Prevent coccidiosis in sheep and goats under warm and humid conditions

Dr. David Fernandez, an extension livestock expert and interim dean of the Graduate School at the University of Arkansas, Pine Bluff, said that when the weather is warm and humid, young animals are at risk for the parasitic disease, coccidiosis. If sheep and goat producers notice that their lambs and children have black spot disease that does not respond to antibiotic treatment or deworming, then these animals are likely to have the disease.
"Prevention is the best medicine for coccidiosis," he said. "Once you have to treat your young animals for disease, the damage has already been done."
Coccidiosis is caused by 12 protozoan parasites belonging to the genus Eimeria. They are excreted in the feces and can cause infection when a lamb or child ingests the feces normally found on the udder, water or feed.
"It is not uncommon for adult sheep and goats to shed coccidial oocysts during their lifetime," said Dr. Fernandez. "Adults who are gradually exposed to coccidia in the early stages of life develop immunity and usually do not show signs of this disease. However, when suddenly exposed to a large number of sporulated oocysts, young animals can develop dangerous diseases. "
When coccidiosis oocysts form spores in warm and humid weather, young animals will be infected with the disease, which can develop within a week or two. Protozoa attack the inner wall of the animal's small intestine, destroy the cells that absorb nutrients, and often cause blood in the damaged capillaries to enter the digestive tract.
"Infection causes black, tarry stools or bloody diarrhea in animals," said Dr. Fernandez. "Then the new oocysts fall off and the infection will spread. Sick lambs and children will become long-term poor and should be eliminated."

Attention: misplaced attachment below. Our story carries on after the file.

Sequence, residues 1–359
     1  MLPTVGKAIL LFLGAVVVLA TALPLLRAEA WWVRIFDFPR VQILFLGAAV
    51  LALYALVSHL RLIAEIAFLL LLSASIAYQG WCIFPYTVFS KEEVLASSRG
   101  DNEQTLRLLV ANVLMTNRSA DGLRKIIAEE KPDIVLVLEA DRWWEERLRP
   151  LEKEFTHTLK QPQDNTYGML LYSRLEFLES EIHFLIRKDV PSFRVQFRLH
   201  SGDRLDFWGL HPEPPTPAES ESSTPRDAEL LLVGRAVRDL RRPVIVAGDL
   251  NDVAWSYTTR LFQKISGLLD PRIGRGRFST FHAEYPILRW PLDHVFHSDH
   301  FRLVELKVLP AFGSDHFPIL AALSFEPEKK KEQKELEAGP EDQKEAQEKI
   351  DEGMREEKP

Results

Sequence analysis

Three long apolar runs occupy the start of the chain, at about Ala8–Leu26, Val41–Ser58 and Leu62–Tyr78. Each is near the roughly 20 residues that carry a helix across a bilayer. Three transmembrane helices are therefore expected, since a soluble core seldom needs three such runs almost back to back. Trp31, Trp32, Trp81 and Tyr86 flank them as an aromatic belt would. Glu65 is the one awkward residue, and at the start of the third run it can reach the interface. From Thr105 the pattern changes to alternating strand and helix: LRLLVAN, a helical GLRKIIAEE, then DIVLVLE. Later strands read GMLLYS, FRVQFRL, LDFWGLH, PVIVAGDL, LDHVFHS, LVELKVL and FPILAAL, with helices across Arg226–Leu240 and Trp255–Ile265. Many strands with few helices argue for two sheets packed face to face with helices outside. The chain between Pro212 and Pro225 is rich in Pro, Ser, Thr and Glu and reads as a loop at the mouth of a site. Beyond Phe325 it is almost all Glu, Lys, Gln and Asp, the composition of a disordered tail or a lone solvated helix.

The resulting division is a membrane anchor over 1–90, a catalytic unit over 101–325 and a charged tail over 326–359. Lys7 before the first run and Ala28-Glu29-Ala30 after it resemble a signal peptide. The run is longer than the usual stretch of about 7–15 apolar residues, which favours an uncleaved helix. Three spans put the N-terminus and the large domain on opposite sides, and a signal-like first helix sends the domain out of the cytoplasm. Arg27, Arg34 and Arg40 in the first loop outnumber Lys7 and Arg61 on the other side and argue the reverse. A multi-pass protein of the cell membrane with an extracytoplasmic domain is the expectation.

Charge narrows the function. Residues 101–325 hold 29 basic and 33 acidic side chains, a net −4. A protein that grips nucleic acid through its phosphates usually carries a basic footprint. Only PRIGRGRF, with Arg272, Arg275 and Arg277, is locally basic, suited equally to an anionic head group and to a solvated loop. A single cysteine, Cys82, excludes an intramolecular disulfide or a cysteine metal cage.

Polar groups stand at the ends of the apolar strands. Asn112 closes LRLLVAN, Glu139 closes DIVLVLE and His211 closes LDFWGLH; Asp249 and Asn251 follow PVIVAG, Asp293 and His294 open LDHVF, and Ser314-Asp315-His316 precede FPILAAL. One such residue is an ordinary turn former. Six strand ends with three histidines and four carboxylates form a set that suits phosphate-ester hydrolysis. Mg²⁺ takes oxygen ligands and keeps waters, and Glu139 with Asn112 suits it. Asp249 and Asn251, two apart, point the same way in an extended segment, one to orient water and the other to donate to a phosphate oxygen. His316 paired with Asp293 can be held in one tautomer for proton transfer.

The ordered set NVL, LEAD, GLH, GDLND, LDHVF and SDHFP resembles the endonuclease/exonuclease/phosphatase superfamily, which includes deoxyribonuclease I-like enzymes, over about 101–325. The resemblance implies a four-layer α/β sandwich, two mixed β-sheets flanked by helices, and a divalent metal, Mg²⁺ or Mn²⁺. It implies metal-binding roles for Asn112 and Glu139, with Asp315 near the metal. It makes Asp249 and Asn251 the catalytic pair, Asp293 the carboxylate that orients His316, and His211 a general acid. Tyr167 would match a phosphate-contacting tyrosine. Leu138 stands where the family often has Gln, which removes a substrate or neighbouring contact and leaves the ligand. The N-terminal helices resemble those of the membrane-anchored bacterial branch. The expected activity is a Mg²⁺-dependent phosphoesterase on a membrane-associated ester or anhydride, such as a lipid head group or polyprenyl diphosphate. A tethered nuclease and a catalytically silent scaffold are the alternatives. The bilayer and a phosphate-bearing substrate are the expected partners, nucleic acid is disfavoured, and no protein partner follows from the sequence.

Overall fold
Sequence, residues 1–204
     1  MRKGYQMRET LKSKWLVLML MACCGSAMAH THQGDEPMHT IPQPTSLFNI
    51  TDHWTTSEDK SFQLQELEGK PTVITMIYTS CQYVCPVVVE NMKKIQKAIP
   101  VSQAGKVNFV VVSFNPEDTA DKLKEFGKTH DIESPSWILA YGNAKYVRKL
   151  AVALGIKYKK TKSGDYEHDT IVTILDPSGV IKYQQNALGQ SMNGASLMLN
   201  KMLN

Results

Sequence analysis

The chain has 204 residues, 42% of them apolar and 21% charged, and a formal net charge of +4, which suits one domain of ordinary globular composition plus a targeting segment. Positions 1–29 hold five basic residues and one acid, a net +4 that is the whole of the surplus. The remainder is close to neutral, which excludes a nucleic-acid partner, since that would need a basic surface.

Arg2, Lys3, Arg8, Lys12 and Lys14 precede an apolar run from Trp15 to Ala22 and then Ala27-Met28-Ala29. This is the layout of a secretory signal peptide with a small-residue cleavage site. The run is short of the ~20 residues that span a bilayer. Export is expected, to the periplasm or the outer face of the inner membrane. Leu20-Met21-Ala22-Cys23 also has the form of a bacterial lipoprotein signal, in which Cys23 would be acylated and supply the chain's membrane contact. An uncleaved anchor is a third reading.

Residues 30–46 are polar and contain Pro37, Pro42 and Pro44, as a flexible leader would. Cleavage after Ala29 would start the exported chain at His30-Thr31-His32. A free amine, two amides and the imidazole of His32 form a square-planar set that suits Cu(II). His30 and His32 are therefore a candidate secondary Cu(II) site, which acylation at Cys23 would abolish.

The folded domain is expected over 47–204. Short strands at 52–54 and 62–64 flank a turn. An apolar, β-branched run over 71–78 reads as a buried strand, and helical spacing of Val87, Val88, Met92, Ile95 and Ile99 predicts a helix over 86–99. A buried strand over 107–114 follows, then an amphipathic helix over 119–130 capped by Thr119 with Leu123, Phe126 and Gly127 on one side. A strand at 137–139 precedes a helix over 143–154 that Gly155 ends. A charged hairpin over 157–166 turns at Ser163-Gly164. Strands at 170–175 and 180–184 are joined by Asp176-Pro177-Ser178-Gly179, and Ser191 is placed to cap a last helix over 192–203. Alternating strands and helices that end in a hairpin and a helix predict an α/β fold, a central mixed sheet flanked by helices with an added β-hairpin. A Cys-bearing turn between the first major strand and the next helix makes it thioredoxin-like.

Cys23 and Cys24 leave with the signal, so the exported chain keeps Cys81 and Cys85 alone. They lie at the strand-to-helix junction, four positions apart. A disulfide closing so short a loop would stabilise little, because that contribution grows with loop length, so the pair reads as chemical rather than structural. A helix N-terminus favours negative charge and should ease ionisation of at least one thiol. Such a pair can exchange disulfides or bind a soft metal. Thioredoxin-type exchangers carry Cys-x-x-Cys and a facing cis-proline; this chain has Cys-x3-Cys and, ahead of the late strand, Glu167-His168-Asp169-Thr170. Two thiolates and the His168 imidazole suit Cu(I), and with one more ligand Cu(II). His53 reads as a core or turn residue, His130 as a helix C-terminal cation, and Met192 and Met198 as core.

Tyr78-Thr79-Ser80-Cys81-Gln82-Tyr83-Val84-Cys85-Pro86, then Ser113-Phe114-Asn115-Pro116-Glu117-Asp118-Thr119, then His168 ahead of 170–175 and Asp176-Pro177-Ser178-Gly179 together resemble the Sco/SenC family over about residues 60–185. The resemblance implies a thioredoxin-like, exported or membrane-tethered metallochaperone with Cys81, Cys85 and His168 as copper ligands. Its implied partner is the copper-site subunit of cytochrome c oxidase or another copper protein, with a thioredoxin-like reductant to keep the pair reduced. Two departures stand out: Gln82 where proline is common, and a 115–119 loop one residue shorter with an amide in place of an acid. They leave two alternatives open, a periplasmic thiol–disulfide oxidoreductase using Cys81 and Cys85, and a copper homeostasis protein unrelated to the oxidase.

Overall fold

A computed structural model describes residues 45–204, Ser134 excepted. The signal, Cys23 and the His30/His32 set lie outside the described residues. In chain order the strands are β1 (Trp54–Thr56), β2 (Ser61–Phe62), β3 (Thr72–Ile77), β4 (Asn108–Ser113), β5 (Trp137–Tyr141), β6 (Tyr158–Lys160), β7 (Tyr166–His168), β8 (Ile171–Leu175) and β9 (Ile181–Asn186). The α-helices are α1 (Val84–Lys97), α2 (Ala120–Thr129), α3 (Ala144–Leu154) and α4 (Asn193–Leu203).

He said that in order to prevent this disease, producers should ensure that feeders and drinking fountains are kept clean. It is best to install a feeder design to keep manure away from feed and water.
"Make sure your lambing and play area is clean and dry," he said. "Bedding areas or equipment that may have been contaminated earlier this year should be exposed to full sunlight in the hot summer. This will kill the oocysts."
Dr. Fernandez said that anticoccidial drugs-veterinary drugs used to treat coccidiosis-can be added to animal feed or water to reduce the possibility of outbreaks. These substances slow down the speed of coccidia entering the environment, reduce the possibility of infection, and give animals an opportunity to develop immunity to diseases.
He said that when using anticoccidial drugs to treat animals, producers should always read product instructions and label restrictions very carefully. Deccox and Bovatec are products approved for use in sheep, while Deccox and Rumensin are approved for use in goats under certain conditions. Deccox and Rumensin cannot be used in lactating sheep or goats. If improperly mixed in the feed, rumen may be toxic to sheep.
"All three anticoccidial drugs, especially rumenins, are toxic to horses-horses, donkeys and mules," said Dr. Fernandez. "Be sure to keep the horse away from medicated feed or water."
He said that in the past, once an animal showed signs of coccidiosis, producers could treat it with Albon, Sulmet, Di-Methox or Corid (amprolin). However, at present, none of these drugs are approved for use in sheep or goats, and veterinarians can no longer prescribe off-label prescriptions. The use of these drugs on food animals is against federal law.
For more information on this and other livestock topics, please contact Dr. Fernandez at (870) 575-8316 or
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Post time: Sep-09-2021